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I am a computer engineer student. Recently, I was able to arp-spoof the router of my class.

I used:

  • Kali
  • Ettercap
  • Wireshark
  • The gateway IP address was: 192.168.0.1
  • The victim was my phone with the IP: 192.168.0.34

I was able to see the packets from my phone being sniffed by wireshark on my laptop.

However, I tried using the exact same method on the residential campus network.

  • Kali
  • Ettercap
  • Wireshark
  • The gateway IP address was: 192.168.1.254
  • The victim was my phone with the IP: 192.168.1.87

But I doesn't work. The only things that I can sniff on wireshark is the arp packets (Like:

192.168.1.254 is at ec.a5.sd. ...

I think this is because the network is larger and have several layers. But I am not sure, why the arp poisoning is not working on the campus network?

enter image description here

  • Are they both connected to the same (wireless I assume because... phone) network? If so, maybe the network is heavily segregated into VLAN ranges to prevent this exact thing. – MiaoHatola Mar 5 '17 at 16:49
  • Sure they are both connected on the same wireless network – TSR Mar 5 '17 at 16:52
  • Could you try a traceroute between them? See how many jumps are in the way. This way you can get a sense for the structure of the network. Maybe add the result to the original post. – MiaoHatola Mar 5 '17 at 16:55
  • I don't recommend using those tools on a network you aren't authorized to do so on. Also see security.stackexchange.com/questions/20147/… – Ijustpressbuttons Mar 8 '17 at 0:26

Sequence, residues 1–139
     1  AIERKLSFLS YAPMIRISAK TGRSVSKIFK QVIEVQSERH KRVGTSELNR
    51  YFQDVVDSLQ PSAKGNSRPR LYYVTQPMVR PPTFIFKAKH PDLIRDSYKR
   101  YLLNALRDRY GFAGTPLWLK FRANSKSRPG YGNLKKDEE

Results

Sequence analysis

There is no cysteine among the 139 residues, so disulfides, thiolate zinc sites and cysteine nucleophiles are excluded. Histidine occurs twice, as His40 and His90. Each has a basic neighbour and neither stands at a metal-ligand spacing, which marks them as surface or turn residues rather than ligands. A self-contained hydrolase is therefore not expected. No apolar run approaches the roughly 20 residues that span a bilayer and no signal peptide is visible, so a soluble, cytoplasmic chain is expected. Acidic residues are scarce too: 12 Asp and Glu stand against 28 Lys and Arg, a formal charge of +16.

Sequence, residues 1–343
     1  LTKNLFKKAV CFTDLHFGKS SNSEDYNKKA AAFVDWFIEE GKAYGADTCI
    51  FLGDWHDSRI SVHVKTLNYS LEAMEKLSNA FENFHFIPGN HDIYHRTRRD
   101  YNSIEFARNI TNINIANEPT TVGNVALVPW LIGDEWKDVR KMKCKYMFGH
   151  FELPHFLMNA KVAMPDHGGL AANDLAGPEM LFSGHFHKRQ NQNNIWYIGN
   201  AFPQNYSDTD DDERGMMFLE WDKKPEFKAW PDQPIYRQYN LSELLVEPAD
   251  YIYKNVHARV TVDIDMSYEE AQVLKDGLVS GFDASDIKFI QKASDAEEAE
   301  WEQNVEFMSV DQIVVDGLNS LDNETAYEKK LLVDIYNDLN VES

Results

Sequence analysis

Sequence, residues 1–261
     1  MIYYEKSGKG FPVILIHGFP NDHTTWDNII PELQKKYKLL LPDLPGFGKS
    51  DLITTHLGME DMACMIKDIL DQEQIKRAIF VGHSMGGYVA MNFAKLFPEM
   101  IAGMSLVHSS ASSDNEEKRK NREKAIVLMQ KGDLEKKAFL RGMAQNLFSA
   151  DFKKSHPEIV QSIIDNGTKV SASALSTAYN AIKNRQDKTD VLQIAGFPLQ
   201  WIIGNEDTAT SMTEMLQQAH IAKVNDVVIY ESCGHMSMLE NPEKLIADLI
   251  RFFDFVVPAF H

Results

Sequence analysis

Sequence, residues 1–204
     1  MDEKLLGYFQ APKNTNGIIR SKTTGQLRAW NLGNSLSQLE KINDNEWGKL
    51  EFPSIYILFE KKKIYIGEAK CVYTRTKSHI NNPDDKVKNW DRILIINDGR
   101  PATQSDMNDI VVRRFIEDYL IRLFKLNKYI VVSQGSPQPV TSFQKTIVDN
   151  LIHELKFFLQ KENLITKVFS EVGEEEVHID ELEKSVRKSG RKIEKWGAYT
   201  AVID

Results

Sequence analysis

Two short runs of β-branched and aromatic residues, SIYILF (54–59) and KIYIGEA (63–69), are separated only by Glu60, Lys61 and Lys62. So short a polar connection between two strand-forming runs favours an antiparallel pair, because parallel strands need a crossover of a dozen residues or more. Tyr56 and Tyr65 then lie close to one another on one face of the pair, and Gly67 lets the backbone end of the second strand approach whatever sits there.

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There are a couple of possible answers; you don't provide enough information to determine the cause.

One cause might be that the active network components of your campus network are taking precautions against arp spoofing. The simplest one might work like this:

  1. Your phone talks to the network, maybe to fetch a webpage or something.
  2. The AP remembers where the first arp request from your phone for the gateway came from (Where is 192.168.1.1? Tell 11:22:33:44:55:66, e.g. your phone's mac address).
  3. You're trying to spoof 11:22:33:44:55:66 from your laptop, but now the origin doesn't match the origin recorded by the AP in step 2, and so it doesn't update it's arp lookup table.

I know this kind of defense against arp poisoning can be used on switches (they remember which port a mac address lies on and can be told not to update their 'memory') and on normal computers.

I'm not sure how it would technically work on a Wifi AP - maybe a mac address can be tied to an active session on the AP. But I'm pretty sure it's something a professionally managed network would try to protect itself against, so it's not so surprising that it doesn't work in your campus network.

  • please the the screenshoot that I added above, I hope it will help you understand my issue – TSR Mar 5 '17 at 18:51

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